Why are Green Jobs Important?
It’s evident that green jobs are essential for future-proofing the planet. There’s a long way to go if we’re to reverse the environmental damage that’s been done and tackle the impending climate crisis, but there’s also enormous potential in the jobs market to help make those necessary changes to the way we live and grow as a society.
Green jobs are also important because they provide an optimistic and stable future for the young people of today. It’s no surprise that Gen-Z (those born between the late 90s and early 2010s) and Gen-Alpha (born since 2010) are the driving force behind many of the environmental protests we hear about in the news. These generations are the future workforce – but are they being trained appropriately for the future of work? Do they receive career guidance based on today’s world or tomorrow’s?
The Prince’s Trust Future of Work report, commissioned in 2020/21, found that young people were most positive about the prospect of working in the green and digital economies. The report states that young people “…want to be agents of sustainable change. While income remains their primary motivation for work, ethical concerns are increasingly determining their choices. But there is a significant knowledge gap relating to how they access these opportunities.”
From a business perspective, the World Economic Forum has calculated that tackling the climate crisis “could create 400 million jobs and £8 trillion in business value each year by 2030”. There’s clearly a lot of money to be made from efficiency and sustainability.
How to Find a Green Job
Actually finding and applying for a green job is perhaps the most challenging part of all, as the term is relatively new and roles that are described as ‘green’ are only just beginning to emerge on the jobs market.
Some companies choose to advertise their green jobs on specific green job boards where they are more likely to attract the environmentally-conscious candidates whose beliefs align with their corporate values. Examples of green job boards in the UK are GreenJobs, Idealist and Renewable Energy Jobs. You can also do a search on traditional jobsites for environmental roles, such as on LinkedIn.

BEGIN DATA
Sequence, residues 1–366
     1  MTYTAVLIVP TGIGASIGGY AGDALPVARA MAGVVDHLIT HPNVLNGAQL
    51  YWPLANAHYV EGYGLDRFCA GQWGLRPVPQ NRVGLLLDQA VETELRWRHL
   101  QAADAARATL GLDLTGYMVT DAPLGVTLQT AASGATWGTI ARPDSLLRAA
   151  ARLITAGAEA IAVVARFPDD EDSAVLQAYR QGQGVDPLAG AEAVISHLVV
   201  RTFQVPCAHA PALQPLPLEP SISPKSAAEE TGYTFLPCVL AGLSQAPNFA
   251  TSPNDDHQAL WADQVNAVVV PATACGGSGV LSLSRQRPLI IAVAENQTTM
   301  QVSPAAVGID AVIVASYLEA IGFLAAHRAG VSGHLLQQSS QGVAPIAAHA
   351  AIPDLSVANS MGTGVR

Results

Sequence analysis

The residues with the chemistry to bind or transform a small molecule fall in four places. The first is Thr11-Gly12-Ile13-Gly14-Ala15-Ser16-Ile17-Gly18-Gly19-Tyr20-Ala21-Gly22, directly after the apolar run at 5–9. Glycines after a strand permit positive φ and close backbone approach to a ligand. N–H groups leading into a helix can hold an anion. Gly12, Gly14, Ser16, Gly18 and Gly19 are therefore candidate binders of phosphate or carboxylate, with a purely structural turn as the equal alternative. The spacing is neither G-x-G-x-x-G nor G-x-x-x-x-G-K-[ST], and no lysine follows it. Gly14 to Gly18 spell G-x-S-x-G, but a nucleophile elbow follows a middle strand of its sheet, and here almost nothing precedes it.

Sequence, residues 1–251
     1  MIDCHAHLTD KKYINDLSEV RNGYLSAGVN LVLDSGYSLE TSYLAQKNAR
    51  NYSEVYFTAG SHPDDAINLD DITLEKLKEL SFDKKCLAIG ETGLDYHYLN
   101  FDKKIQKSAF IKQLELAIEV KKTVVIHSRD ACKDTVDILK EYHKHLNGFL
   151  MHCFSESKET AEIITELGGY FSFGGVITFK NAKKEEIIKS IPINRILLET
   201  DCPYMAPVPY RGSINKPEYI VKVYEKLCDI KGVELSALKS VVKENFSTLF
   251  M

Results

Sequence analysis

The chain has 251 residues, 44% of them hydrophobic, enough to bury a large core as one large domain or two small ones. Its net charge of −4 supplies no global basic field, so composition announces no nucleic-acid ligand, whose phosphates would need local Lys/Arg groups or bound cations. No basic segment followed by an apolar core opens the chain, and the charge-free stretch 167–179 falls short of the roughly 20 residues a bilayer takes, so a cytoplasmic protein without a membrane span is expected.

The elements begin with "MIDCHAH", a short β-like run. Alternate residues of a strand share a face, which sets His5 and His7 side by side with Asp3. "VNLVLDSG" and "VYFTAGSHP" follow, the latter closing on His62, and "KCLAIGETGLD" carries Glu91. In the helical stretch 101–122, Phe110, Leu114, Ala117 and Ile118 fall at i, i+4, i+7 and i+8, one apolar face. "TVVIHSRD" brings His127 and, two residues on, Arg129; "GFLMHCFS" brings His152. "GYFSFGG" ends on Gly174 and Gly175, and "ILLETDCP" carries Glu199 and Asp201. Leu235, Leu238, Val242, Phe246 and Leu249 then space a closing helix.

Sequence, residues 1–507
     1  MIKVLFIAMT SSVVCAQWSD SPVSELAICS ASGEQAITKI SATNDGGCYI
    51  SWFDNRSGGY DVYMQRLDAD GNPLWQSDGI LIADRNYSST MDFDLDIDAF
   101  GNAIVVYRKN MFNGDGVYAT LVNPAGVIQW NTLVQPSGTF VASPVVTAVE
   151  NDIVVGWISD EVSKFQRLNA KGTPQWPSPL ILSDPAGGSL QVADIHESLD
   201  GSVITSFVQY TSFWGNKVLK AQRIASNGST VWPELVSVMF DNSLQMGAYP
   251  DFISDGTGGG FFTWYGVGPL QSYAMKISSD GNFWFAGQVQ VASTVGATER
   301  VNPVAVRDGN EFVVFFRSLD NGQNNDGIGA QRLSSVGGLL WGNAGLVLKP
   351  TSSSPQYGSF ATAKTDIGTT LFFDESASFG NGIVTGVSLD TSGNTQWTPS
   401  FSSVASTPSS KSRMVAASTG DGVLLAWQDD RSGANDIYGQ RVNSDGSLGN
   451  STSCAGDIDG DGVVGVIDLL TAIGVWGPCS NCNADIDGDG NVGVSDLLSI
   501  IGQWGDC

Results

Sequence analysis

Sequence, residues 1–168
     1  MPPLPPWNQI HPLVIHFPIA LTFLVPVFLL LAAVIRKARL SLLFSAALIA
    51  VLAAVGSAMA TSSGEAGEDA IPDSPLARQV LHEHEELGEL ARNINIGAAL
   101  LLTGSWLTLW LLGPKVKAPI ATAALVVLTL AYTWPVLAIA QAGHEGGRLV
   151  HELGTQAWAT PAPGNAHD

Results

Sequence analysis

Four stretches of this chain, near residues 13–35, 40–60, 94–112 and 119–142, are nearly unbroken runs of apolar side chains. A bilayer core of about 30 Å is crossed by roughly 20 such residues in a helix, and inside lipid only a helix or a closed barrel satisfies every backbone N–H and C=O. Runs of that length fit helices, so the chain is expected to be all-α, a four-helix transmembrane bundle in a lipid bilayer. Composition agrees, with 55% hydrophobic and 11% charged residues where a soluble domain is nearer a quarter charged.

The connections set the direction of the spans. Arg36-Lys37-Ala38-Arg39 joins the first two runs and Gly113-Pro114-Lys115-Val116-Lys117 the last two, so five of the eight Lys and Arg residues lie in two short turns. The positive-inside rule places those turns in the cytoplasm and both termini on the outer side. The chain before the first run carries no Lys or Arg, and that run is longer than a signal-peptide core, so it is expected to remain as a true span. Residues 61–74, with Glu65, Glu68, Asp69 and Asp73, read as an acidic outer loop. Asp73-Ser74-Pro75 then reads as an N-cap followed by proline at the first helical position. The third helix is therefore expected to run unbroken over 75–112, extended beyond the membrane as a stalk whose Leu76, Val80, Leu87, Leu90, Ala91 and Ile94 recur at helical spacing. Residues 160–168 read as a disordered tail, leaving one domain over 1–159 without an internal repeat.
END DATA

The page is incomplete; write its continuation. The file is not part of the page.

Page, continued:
Skills Required for Green Jobs
To enhance your chances of attaining a green job, it’s important that you have the appropriate skills and training in the first place, as well as the right mindset and good intentions. The skills and training you’ll find useful for green jobs include:
- A degree in a relevant subject, such as environmental science, biochemistry, sustainability management or electrical vehicle engineering.
- A training course or certificate in a topic relevant to the environmental sector, such as Environmental Awareness training or an apprenticeship in agriculture, energy or manufacturing.
- Practical skills that help you contribute towards a circular economy, such as knowing how to repair electrical equipment or mend clothes.
- Relevant work experience or volunteering, like getting involved in local community sustainability projects or work experience of the industry you want to join.
- Demonstrable transferable skills, like good communication skills, critical thinking, creativity and teamwork, which can be adapted for any industry and any job role.
Overall, it’s evident that green jobs are the future of work. Without making the necessary environmental changes, businesses seek to lose out on potential job applicants and potential earnings, so it’s in their best interests to start advertising green roles that appeal to our future workforce. As an aspiring interviewee, work hard to ensure your CV contains the skills and training relevant to the green jobs market and you’ll soon find success in the world of environmental work.
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- Environmental Awareness Course